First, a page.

Author: Sebastian Faulks
Similar to Astray by Emma Donoghue, but very different, I believe Faulks presents a better novel. Faulks divines his writing rod into five different lives, five different time periods. Each chapter defines exquisitely drawn characters. Instead of Astray’s vignettes, we are given characters with three dimensional lives that do not confine to a glance, but offer a comprehensive view that enthralls the reader.
Geoffrey 1938, Billy 1859, Elena 2029, Jeanne, 1822 and Anya 1971. Faulks’ theme – his characters’ theme – are the fragile moments when people collide with a desperation or intuition of connection.
“Geoffrey Talbot was supposed to be a linguist…but he loves sports.” Geoffrey veers off track forever when he enlists as a soldier in World War II, and a compatriot – a woman he loves – betrays him to the enemy. He ends up in the gas camps, survives, and becomes a teacher at a boys’ school. He ponders why he was betrayed, the woman who betrayed him. And he reaches a point where he can let his past go, and connect to his life in the present.
Billy is given away by his parents to an orphanage. The family has five children, and they must give one up to feed the others. Billy is sent to the horrendous Union House, a workhouse for unwanted children and adults unable to feed themselves. He sees his father one day in the workhouse himself, but they do not speak. Billy manages to make one friend, Alice, and they connect. Billy and Alice marry and escape the horrors that have welded their childhood. When Alice ends up in a psychiatric hospital, Billy and her sister, Nancy who lives with them form an alliance and have a child, Dick, together. They live happily as a couple until they discover years later that Alice is being released. Dick is young, and they send him away when Alice comes back and pretend for a while that all is well. Finally, Billy brings Dick home, tells Alice the truth that he loves Nancy and has another life, and Alice accepts their alliance. They arrange a life somehow as a family.
Elena lives in the future. She becomes a scientist and makes a discovery with another woman. They discover the true soul of humans is simply a result of a synapse in the brain. For some reason, no matter how many times Elena tries to credit the other woman, Elena is the one who gets credit for the biggest discovery science has ever made.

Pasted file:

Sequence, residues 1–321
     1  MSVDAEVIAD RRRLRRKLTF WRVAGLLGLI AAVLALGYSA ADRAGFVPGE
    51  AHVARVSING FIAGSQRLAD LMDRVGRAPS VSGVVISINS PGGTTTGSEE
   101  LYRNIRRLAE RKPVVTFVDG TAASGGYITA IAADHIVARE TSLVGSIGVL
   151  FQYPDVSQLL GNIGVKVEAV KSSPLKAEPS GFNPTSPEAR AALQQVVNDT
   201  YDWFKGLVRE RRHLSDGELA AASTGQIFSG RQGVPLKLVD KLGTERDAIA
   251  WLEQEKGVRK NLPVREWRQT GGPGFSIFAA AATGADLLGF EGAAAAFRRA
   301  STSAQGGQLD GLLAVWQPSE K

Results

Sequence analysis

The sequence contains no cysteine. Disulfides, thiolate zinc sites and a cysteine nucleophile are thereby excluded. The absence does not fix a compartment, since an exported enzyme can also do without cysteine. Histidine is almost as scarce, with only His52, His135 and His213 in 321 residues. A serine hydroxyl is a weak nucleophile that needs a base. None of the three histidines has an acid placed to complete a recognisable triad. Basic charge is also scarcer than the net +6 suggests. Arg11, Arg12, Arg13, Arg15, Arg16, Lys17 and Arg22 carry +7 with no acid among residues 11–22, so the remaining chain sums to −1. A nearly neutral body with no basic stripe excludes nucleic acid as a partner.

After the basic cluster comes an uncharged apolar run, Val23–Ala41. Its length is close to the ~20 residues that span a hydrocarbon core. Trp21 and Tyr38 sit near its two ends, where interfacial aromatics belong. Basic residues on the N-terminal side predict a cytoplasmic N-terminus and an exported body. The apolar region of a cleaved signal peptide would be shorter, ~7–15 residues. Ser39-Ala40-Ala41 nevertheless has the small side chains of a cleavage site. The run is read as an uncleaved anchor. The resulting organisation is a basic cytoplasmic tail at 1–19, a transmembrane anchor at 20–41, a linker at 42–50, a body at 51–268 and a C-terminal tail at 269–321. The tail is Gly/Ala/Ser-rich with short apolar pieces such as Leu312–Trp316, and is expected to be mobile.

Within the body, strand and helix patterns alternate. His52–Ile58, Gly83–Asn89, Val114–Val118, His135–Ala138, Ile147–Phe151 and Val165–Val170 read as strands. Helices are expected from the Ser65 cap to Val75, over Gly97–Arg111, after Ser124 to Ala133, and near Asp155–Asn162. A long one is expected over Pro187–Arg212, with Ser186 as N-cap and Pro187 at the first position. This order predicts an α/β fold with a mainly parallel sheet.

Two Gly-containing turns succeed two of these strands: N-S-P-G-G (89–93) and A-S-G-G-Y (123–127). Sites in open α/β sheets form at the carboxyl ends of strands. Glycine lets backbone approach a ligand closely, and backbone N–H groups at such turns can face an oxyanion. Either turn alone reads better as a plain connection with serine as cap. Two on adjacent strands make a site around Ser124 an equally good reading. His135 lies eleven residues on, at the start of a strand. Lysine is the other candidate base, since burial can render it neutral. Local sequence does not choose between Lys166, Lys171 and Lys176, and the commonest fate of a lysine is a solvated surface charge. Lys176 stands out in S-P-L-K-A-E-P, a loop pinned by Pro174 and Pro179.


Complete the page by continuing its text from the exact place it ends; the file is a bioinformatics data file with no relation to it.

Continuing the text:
As a child, Elena is solitary and has no friends until one day her father brings home a boy her age named Bruno, a foreign orphan. At first Elena ignores the boy until one day the children make a connection and realize they are alike. They become as one person. And they become lovers one day. Bruno leaves suddenly, and Elena cannot comprehend the loss of her best friend. For Bruno knows a horrible truth and has to protect Elena. Later, at 49, Elena requests a meeting with Bruno and realizes the truth. She accepts that her life has been as it must, and she and Bruno come to terms with the reality of it.
Jeanne, simpleminded, lives in 1800’s France. She works as a laundress and nursemaid, and show a moral fortitude that allows her to remain herself no matter how badly she is treated or her circumstances.
Anya, a 60’s songwriter with an unbelievable voice, ignores the love in her life to create beauty on her own terms. Later in her life, she gives a final performance as an aging star and meets her former lover off stage. She realizes that her life could have been anyone’s as she sings her last song to the man she left who sits in the audience. And that is enough for her.
Each story compels because almost anyone in the circumstances presented to each character would have crumbled, left in the dust of what life gave them. And yet, Faulks’s characters are complete, rich and evocative. Faulks combines human frailty with the lives we have been given, and his characters are a litany, a swell of acceptance of themselves and their lives. Reverently, we are given the gift of Faulks’s reticence to write off the human condition of either his characters or the courage of his flawed but beautiful characters. It is a difficult, almost impossible job to do through writing. The profound dignity that illuminates from each page transforms to art.
Faulks resonates and pulsates along with his characters. Beautifully written, impressively presented. A symphony of five stories that culminate in perfection.
A Possible Life: A Novel in Five Parts is available for purchase.
Ratings are based on a 5-star scale
Review by Broad “A” – Ava
We received a copy of this title for our book review. All opinions are our own.